Focus On

CONSTITUTIONAL ISSUES - Canadian Charter of Rights and Freedoms - Right to counsel of choice

Wednesday, August 14, 2019 @ 6:47 AM  


Lexis Advance® Quicklaw®
Appeal by accused, Canavan, from convictions for impaired driving causing death, driving with an illegal blood-alcohol level, and two counts of impaired driving causing bodily harm. The accused drove uphill on the wrong side of the road. He collided with an oncoming vehicle as it crested the hill. The driver of the other vehicle was killed, and two passengers were injured. Following the collision, the accused was taken to hospital for treatment. Police read the accused his rights in the ambulance and he declined to speak with counsel. At hospital, several vials of the accused's blood were taken for analysis. Ten days later, police seized the blood pursuant to a search warrant. In addition, following treatment, police spoke with the accused, left voice and text messages for his counsel, and eventually administered a breath test at the hospital. The trial judge rejected the accused's contention that the blood samples were seized in violation of his s. 8 Charter rights, finding that hospital staff acted independently of police and the accused had consented to treatment as a trauma patient. There was no evidence of violation of hospital protocol regarding the basis for drawing blood and the amount taken. Similarly, the trial judge rejected the accused's contention that police violated his s. 10(b) Charter rights, finding that police discharged the informational and implementation elements of the accused's right. The accused appealed the resultant conviction.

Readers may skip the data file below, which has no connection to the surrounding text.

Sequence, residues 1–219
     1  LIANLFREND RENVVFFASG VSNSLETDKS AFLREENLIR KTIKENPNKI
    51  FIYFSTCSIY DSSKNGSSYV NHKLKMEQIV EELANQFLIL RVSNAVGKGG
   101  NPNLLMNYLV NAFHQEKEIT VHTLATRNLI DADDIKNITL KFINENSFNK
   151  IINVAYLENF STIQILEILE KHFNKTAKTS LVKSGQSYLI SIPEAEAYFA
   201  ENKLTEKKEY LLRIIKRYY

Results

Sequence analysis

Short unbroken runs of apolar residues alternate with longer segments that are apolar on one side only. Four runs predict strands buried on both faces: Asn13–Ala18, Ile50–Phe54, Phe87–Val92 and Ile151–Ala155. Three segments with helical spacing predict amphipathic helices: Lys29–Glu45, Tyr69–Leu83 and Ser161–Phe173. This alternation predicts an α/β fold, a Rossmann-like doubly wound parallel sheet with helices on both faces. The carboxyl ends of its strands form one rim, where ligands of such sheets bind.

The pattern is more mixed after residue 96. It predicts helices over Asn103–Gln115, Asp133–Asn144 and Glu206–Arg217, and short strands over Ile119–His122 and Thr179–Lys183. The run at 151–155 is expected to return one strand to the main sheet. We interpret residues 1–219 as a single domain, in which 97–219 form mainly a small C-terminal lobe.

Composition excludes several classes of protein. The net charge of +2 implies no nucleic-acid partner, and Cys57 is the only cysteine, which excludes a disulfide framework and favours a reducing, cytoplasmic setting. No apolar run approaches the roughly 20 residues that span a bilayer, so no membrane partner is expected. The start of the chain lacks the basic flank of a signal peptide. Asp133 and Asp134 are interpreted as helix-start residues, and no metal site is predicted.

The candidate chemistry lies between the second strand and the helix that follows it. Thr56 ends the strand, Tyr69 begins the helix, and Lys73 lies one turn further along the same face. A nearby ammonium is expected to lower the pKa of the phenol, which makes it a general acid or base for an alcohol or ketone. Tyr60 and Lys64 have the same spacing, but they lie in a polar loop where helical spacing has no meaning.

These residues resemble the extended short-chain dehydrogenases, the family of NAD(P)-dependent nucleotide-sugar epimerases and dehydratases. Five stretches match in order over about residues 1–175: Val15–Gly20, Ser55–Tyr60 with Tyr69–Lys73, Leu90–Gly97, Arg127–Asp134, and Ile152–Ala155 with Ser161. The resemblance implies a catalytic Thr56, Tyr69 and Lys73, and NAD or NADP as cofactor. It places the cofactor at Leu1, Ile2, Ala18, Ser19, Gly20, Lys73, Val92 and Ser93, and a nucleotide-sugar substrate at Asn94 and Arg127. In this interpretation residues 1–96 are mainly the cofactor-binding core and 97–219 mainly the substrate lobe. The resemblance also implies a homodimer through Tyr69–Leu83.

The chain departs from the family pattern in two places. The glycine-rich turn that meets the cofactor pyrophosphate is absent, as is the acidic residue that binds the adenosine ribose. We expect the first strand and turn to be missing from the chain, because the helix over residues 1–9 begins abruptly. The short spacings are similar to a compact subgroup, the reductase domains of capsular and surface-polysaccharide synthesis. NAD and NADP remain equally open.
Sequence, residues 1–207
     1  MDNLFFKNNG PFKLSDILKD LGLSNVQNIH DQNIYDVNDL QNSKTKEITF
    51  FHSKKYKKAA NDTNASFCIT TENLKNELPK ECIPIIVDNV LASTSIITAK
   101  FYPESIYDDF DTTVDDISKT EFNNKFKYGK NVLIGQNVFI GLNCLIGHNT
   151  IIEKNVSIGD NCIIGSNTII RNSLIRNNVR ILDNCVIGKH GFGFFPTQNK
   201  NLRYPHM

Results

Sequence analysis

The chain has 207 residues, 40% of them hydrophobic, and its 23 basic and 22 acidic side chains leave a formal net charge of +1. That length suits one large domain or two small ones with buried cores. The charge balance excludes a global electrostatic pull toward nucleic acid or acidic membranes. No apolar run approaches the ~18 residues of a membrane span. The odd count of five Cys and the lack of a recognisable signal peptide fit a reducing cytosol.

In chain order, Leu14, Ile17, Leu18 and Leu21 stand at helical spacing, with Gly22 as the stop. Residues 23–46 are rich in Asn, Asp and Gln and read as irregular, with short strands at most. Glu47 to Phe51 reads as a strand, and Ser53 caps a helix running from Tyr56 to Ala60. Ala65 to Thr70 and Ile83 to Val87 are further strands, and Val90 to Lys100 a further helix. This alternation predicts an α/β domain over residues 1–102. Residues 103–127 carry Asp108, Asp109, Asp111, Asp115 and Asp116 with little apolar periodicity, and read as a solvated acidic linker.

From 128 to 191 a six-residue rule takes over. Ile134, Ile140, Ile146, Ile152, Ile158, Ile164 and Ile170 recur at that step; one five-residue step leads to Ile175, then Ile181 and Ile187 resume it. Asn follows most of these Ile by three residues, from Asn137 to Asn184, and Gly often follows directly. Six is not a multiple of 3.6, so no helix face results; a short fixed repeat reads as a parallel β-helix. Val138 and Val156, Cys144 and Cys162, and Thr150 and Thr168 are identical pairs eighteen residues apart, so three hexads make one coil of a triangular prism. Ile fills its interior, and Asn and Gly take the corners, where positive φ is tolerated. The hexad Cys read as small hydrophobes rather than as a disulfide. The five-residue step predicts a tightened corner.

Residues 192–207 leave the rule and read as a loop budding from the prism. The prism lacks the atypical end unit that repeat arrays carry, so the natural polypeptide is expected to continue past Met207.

HELD: Appeal dismissed. The trial judge's findings of no breach of the accused's s. 8 Charter rights were fully supported by the evidence and did not disclose any palpable and overriding error. In finding no breach of the accused's s. 10(b) Charter rights, there was no error in failing to find police were not reasonably diligent in facilitating contact with counsel. Police complied with the direction on counsel of choice's voicemail to send a text message to a specified number. There was no requirement to follow-up the text message with a call. The trial judge did not err in finding that there was no evidence supporting the accused's contention that a third vehicle forced him to the oncoming lane. The trial judge was entitled to reject the accused's Bolus drinking evidence as contrived and lacking credibility.

R. v. Canavan, [2019] O.J. No. 3491, Ontario Court of Appeal, D.M. Brown, B. Miller and G.T. Trotter JJ.A., July 4, 2019. Digest No. TLD-August12019007